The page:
An August 29 Washington Post article entitled “How a Detainee Became an Asset” details how the CIA’s “harsh interrogation techniques” caused Khalid Sheik Mohammed to become a CIA “asset,” meaning that he sung like a canary, confessed his crimes, disclosed everything he knew, and cooperated with the CIA.
Well, there you have it. Torture really does work, probably even on the innocent. It converts terrorists and potential terrorists into allies and it saves lives. Hail torture!
But why stop at isolation, sensory deprivation, forced standing, waterboarding, walling, beating, and sex abuse? Why not the rack? Why not electricity on the genitals?
Here — take a look at some really good methods of torture that are depicted in the Medieval Torture Museum in San Gimignano, Italy. Why not utilize the Wake of Juda’s Cradle? Why not the Virgin of Nuremberg? I’ll bet those methods of torture garnered plenty of cooperation from their victims.
The reason that U.S. officials haven’t used those old methods of torture is because a few decades ago they learned the benefits of what might be called “touchless torture.” The beauty of touchless torture is that it doesn’t leave any physical scars on the victim but yet is just as effective as physical torture in securing confessions and cooperation. Touchless torture enables the torturers to say, “He’s lying! We haven’t tortured him at all. Who are you going to believe — a terrorist or your loyal, devoted, patriotic, flag-waving CIA agent or U.S. soldier?”
What does touchless torture consist of? Things like extensive periods of sensory deprivation, isolation, and forced standing, and extreme temperature changes.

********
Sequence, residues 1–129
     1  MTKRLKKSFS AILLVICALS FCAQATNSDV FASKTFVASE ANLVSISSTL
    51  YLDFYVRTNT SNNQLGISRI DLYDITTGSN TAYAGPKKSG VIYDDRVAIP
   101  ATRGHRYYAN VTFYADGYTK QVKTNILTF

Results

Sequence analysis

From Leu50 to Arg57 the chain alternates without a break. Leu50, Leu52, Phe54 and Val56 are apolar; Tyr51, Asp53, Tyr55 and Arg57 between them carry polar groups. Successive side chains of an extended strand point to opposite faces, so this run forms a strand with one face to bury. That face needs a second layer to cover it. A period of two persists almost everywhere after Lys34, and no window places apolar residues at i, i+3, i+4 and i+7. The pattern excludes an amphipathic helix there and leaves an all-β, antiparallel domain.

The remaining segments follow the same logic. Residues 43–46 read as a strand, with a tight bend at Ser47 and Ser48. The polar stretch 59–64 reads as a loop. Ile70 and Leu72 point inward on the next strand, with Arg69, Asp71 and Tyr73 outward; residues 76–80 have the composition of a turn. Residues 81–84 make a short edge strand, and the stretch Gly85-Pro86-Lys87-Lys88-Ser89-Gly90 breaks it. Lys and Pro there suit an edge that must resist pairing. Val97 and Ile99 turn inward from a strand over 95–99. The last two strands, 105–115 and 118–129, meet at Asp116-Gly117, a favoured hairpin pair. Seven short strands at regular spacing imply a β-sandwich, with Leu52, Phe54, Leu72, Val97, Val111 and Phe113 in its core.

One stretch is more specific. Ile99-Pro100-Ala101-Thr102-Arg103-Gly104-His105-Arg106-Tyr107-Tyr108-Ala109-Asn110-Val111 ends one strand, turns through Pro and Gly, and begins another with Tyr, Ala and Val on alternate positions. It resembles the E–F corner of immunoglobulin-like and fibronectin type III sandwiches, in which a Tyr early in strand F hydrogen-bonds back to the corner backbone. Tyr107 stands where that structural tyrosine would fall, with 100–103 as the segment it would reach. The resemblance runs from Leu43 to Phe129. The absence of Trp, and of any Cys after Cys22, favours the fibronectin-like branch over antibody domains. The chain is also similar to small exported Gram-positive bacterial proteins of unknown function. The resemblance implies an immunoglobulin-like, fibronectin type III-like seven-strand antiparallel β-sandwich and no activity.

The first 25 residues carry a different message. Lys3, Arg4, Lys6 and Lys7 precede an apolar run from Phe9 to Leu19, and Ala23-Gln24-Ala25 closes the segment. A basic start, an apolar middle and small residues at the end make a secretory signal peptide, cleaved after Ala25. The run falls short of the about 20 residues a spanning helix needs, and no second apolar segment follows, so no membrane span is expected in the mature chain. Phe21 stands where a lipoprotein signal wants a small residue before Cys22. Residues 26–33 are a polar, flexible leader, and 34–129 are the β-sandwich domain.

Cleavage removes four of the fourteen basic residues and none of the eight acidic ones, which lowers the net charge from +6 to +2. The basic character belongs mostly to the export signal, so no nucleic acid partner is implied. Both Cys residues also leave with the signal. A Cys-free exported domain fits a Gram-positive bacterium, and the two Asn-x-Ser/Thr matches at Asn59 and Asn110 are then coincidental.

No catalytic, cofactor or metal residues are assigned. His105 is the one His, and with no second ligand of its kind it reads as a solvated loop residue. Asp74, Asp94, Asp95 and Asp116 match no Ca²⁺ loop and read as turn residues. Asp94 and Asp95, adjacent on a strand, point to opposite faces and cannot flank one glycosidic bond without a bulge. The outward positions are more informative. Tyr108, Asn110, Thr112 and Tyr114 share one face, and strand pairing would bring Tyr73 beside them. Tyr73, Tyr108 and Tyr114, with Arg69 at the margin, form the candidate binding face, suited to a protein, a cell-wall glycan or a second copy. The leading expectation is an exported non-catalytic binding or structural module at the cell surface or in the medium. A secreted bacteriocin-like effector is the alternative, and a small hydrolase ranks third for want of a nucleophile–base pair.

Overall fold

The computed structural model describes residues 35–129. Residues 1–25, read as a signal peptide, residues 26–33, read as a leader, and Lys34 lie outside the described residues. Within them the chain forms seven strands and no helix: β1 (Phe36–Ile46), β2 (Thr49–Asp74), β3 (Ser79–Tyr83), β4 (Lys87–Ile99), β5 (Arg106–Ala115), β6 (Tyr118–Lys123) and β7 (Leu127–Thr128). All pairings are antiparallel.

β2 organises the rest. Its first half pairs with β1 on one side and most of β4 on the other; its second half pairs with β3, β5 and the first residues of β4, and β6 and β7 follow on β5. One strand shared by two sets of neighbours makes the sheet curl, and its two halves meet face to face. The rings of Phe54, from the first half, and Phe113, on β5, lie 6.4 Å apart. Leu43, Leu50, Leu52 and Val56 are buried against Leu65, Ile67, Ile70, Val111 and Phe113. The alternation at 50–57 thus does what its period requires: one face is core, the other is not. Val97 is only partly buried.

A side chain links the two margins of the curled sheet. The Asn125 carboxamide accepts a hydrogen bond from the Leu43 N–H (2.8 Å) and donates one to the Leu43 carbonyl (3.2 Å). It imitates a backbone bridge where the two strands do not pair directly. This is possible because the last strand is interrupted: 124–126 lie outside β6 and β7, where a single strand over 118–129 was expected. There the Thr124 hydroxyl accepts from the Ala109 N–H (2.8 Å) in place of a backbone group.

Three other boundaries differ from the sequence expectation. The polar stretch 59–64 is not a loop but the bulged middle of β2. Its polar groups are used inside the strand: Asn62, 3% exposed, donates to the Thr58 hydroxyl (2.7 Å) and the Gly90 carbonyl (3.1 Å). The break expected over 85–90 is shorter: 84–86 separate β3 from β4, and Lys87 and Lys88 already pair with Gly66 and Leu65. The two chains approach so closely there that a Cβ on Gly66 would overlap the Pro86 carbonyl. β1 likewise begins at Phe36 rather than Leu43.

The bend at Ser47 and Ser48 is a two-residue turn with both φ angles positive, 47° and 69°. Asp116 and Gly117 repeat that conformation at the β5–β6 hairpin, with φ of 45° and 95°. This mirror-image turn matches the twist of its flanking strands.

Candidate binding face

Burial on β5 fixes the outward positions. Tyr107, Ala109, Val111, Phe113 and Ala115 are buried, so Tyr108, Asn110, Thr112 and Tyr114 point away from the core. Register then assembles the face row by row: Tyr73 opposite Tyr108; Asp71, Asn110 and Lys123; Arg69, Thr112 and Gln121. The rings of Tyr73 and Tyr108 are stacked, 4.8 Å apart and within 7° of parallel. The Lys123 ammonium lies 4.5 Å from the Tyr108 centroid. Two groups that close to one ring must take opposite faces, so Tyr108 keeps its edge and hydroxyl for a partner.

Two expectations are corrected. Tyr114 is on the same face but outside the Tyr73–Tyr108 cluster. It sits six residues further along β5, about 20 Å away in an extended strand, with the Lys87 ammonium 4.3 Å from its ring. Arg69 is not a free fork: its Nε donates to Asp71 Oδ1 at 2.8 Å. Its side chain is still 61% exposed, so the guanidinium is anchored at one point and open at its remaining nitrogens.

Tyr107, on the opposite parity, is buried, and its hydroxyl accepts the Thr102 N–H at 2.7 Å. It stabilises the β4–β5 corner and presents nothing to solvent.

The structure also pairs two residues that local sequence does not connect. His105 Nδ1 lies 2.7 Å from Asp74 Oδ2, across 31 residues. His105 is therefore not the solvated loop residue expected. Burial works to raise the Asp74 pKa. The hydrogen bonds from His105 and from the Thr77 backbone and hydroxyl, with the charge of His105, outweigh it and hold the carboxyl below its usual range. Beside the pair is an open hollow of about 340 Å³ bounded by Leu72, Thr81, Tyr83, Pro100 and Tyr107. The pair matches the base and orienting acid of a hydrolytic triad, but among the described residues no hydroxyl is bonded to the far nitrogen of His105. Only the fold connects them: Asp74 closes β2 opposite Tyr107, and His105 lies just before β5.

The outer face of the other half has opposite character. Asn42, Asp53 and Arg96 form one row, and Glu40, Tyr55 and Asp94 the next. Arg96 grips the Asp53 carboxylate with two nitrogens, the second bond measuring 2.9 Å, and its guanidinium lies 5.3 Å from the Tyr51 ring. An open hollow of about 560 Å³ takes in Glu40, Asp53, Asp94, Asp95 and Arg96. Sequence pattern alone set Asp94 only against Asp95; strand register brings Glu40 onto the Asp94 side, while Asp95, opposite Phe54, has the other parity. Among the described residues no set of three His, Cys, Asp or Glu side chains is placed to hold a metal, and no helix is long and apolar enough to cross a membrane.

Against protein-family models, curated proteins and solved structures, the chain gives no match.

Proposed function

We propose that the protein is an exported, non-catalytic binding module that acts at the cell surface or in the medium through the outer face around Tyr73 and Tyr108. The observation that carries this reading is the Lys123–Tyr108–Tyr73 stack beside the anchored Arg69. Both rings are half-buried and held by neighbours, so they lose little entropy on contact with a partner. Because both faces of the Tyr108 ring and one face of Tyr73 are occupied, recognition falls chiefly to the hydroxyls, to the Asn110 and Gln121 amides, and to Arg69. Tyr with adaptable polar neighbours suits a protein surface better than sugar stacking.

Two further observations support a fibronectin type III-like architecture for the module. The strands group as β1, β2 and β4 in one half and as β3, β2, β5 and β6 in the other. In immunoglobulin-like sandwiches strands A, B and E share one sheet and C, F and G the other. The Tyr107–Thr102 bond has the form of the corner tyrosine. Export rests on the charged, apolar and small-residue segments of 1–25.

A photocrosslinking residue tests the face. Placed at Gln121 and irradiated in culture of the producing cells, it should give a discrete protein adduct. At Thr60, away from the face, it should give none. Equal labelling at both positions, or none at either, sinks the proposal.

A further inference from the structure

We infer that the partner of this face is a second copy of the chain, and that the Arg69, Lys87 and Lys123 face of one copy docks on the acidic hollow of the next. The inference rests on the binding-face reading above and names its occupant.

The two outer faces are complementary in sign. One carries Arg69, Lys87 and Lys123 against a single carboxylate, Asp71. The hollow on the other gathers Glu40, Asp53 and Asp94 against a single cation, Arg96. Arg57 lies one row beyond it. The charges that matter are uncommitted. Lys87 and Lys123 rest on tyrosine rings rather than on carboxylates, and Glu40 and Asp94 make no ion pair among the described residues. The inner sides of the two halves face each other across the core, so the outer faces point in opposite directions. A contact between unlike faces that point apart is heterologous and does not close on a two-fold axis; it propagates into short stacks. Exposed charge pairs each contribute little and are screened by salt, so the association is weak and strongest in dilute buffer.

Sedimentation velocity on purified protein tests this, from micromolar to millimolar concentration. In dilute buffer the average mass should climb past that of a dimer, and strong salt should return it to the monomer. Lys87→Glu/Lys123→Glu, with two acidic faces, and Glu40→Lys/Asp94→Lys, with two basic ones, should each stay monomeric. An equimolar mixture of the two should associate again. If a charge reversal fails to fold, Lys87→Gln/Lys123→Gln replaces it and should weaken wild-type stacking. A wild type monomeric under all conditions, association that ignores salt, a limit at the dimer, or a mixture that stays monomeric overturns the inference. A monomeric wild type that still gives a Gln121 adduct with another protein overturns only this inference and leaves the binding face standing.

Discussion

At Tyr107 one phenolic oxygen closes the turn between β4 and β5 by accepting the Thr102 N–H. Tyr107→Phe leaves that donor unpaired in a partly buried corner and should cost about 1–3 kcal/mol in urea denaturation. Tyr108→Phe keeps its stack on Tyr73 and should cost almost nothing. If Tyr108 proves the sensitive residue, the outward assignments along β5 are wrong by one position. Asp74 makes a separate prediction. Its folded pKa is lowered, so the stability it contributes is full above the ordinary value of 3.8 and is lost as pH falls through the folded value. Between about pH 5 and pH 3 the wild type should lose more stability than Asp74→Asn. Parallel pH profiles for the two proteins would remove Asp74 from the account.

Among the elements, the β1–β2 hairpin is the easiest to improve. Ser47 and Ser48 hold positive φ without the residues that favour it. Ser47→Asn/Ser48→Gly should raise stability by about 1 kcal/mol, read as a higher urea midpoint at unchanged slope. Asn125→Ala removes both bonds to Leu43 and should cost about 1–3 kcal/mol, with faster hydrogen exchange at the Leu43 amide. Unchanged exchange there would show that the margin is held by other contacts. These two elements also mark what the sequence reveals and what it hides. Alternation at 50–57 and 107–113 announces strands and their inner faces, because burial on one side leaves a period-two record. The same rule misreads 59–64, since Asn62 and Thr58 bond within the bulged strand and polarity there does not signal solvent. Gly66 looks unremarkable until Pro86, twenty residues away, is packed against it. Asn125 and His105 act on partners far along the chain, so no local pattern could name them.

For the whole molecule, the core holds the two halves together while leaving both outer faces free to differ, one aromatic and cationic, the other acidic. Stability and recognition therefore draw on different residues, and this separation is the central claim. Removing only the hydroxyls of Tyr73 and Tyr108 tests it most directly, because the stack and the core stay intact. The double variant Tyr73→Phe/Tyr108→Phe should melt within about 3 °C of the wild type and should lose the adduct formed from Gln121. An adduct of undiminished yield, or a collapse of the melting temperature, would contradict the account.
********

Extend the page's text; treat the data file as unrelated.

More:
Now, you might say, “Well, that’s no big deal. Why, anybody who can’t withstand that is a wuss.”
Well, except for one thing. Ask any American POW during the Korean War if touchless torture is no big deal. Because the fact is that touchless torture was successful in doing to American soldiers, including officers, what it succeeded in doing to Khalid Sheik Mohammed. The touchless torture employed by the North Korean communists so messed up the minds of American servicemen that they ended up zombie-like and confessing to all sorts of evil crimes, including waging biological warfare, against the communists.
Where did U.S. officials come up with the techniques of touchless torture? Yes, from those North Korean communists who they had denounced for “brainwashing” U.S. servicemen into becoming compliant assets of the communists. Of course, they’ve added some important additional techniques to their arsenal of “harsh interrogation techniques,” such as waterboarding, walling, beating, and sex abuse.
Anyone who thinks that what the CIA and the military have been doing since 9/11 is all new and is just the work of a few bad apples is living in la-la land. As Michael Otterman points out in his book American Torture: From the Cold War to Abu Ghraib and Beyond, touchless torture has been a fundamental part of CIA and U.S. military operations for decades.
Go back to Operation Phoenix in the Vietnam War. You’ll find it there, big time. Go back to the torture manuals that the Pentagon employed at the School of the Americas. You’ll find it there, big time. Go back to the SERE program, which ostensibly taught U.S. servicemen to resist touchless torture. You’ll find it there, big time. And of course, after 9/11, you find it there, big time.
Undoubtedly, there are those who are hoping that the government will be able to pull off another Abu Ghraib by prosecuting a few “bad apples” but leaving intact the torture system itself and leaving alone those who ran it and continue running it. If they succeed in doing that, then why not at least end the deceit, charade, and hypocrisy by openly repealing criminal laws against torture and proudly proclaiming America as a pro-torture country?